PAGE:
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Building Sustainable Business Models for

Providing Financial Services to the Poor:

A study to understand the business case of Cashpor as a


Business Correspondent
October 2013

A Grameen Foundation India Series

Acknowledgements
This study would not have been possible without
the support of the Bill & Melinda Gates Foundation.
We would also like to thank Cashpor, ICICI Bank and
Eko India for their support to the project and the
case study. Lastly, we would like to acknowledge
Intellecap as a knowledge partner in the
development of this case study.

Grameen Foundation India is a social business and a


wholly owned subsidiary of Grameen Foundation
that catalyses double bottom line approaches to
serving the poor and the poorest. Its mission is to
enable the poor, especially the poorest, to move out
of poverty by strengthening institutions and
businesses that serve them. Grameen Foundation
India aims to achieve this by enabling the growth of
truly double bottom line entities that use
quantitative and verifiable measures of social
results and by demonstrating new business models
for serving the poorest. It currently focuses on
enabling the provision of financial services and
information services. You can learn more at
http://grameenfoundation.in/.

Grameen Foundation, a global nonprofit


organization, helps the world's poorest people
especially women lift themselves out of poverty
by providing appropriate financial services, lifechanging information and unique business
opportunities. Found in 1997, Grameen Foundation
has offices in Washington, D.C.; Seattle, WA;
Colombia, Ghana, Hong Kong; Indonesia; Kenya; the
Philippines; and Uganda. Microfinance pioneer Dr.
Muhammad Yunus, founder of Grameen Bank and
winner of the 2006 Nobel Peace Prize, is a founding
member of its Board of Directors, and now serves as
director emeritus. For more information, please
visit grameenfoundation.org.

2013 Grameen Foundation USA. All rights reserved.

Except for use in a review, the reproduction or utilization of this work or part of it in any form or by
electronics, or other means not known or hereafter invented, including xerography, photocopying,
recording, and in any information storage, transmission or retrieval system, including CD ROM, online or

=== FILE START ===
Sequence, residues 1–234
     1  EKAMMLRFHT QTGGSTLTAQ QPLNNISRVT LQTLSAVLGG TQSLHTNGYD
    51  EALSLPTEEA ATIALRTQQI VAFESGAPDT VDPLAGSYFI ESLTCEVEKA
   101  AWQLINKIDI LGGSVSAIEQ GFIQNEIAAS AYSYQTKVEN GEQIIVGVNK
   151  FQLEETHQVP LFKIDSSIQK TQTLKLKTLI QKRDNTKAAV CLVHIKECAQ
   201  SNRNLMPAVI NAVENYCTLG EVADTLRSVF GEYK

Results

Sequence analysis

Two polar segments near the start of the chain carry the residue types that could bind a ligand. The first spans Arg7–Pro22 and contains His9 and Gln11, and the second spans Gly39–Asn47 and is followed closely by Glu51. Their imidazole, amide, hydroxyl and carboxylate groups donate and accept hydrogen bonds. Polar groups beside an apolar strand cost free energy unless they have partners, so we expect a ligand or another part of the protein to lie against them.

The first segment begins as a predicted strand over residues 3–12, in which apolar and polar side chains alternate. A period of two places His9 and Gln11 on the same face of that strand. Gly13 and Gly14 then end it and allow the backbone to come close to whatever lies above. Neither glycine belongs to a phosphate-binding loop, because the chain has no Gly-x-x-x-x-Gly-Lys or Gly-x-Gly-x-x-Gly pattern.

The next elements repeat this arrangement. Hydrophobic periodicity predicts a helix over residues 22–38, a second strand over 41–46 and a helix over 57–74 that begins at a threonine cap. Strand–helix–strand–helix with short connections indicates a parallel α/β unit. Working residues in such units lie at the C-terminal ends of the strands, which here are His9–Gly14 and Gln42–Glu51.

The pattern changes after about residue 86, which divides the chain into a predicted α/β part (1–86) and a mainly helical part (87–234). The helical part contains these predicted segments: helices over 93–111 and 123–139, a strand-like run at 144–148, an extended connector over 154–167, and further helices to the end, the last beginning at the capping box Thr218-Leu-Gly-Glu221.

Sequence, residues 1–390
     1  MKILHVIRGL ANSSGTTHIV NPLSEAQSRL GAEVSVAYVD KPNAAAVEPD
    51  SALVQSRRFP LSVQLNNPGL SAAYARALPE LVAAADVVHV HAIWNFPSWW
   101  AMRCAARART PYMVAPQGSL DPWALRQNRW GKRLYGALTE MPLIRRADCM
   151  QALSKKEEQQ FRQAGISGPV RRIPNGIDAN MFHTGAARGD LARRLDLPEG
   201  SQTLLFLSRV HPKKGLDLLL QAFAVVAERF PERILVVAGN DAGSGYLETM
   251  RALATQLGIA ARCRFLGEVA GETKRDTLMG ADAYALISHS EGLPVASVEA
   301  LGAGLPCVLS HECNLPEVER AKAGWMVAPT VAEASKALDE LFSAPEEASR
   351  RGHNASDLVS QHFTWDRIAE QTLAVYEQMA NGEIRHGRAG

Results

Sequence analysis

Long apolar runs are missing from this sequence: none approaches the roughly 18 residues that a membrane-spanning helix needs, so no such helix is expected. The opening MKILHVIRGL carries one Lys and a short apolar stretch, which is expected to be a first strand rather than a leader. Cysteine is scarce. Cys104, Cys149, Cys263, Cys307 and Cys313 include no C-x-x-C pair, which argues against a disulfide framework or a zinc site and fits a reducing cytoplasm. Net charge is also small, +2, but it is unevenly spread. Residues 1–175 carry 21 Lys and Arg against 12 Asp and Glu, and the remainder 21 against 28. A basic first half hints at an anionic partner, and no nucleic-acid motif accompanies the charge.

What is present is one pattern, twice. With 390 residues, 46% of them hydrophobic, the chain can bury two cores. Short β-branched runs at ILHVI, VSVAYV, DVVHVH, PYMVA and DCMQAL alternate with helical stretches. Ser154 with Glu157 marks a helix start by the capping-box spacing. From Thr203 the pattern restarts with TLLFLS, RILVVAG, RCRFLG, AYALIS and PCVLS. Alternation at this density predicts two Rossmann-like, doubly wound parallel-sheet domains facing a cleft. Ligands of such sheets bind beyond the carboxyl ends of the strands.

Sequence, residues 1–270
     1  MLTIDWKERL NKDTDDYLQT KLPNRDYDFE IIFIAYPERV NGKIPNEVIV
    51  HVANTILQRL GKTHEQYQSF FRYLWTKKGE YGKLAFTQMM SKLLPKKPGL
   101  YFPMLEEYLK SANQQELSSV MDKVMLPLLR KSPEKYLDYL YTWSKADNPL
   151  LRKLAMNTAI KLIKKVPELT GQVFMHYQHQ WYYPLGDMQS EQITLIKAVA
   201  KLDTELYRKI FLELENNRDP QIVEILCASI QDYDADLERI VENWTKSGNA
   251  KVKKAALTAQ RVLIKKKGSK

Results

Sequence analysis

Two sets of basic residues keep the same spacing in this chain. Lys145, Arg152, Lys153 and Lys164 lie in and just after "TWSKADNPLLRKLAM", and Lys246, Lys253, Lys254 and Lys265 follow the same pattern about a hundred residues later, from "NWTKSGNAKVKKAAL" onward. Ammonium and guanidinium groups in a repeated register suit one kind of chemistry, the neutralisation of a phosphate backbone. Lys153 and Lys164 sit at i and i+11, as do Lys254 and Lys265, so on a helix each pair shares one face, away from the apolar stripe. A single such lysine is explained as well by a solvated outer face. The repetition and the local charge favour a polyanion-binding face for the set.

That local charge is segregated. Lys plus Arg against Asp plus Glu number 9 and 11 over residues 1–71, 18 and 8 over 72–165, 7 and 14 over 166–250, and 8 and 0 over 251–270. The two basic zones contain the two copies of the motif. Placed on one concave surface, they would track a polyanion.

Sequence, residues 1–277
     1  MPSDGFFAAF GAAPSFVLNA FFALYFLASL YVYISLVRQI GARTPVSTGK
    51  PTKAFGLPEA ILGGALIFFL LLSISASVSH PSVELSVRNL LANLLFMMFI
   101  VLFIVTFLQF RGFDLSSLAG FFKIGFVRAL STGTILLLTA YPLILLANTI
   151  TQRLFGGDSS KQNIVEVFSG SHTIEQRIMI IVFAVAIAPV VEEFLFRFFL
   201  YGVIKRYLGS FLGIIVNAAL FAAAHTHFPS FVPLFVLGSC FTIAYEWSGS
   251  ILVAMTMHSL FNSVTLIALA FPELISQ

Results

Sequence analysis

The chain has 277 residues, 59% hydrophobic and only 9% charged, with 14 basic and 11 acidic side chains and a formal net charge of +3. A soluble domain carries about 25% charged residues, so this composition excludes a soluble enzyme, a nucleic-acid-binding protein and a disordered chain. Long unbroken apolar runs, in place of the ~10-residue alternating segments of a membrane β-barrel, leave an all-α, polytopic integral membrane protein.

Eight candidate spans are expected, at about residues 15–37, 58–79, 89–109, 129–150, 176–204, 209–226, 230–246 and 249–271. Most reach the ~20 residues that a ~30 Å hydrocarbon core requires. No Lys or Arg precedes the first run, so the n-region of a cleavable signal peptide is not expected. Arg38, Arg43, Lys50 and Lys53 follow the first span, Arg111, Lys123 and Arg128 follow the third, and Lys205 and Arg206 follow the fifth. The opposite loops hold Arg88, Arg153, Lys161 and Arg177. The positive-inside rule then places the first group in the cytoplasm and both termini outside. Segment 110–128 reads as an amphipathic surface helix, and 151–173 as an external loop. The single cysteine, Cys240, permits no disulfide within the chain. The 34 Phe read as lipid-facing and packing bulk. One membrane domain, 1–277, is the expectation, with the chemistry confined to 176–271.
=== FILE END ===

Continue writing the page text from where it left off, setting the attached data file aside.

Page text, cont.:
via the Internet, is forbidden without the written permission of Grameen Foundation.

Contents
Executive Summary ..............................................................................................................................3
Section I : Financial Viability & the Business Correspondent Model ......................................................5
Section II : Understanding the Business Model......................................................................................6
Section III: Analyzing the Business Model .............................................................................................9
Section IV: Strengths and Weaknesses of the Model ...........................................................................13
Section V: Conclusion..........................................................................................................................15
Annexure I: About the Project.............................................................................................................16

Executive Summary
Access to finance helps poor families build assets,
cope with risks and climb out of poverty. Poor
households have irregular income flows and need
credit services to invest in livelihood generating
opportunities, savings to meet planned and
unplanned expenditures and insurance for risk
management. Hence, it is important that they are
able to access a wide range of financial services.
Financial inclusion, therefore, has been identified as
a priority area by policy makers and donors the
world over.

It uses mobile based technology and its loan officers


double as Customer Service Points (CSPs) providing
saving services to credit customers in eight districts
in North India.

Since the existing credit infrastructure is used to


offer savings services, only marginal costs are
accounted for in the savings operation. This
approach reflects the way Cashpor currently
envisions the financial sustainability of its savings
product. Marginal costs comprise staff incentives,
automation of the account opening process, staff
training and administrative costs. Cashpor earns its
revenues from commissions that the bank pays on
account opening, transactions and float (for the
balance maintained in the accounts). We summarize
below some highlights of this business model.

This case study analyzes Cashpor's Business


Correspondent (BC) model and describes the
infrastructure used to deliver the BC services. It
studies the financial viability and strengths of
Cashpor's business model and attempts to arrive at
some general principles that BCs could adopt in
order to attain financial viability.

Costs & Revenues:


A Majority of the revenues are earned through
commissions from enrolments/account opening
and constitute 64% of the total revenue in FY 201213. This share in total revenues is projected to
decline sharply in the next fiscal year and is linked to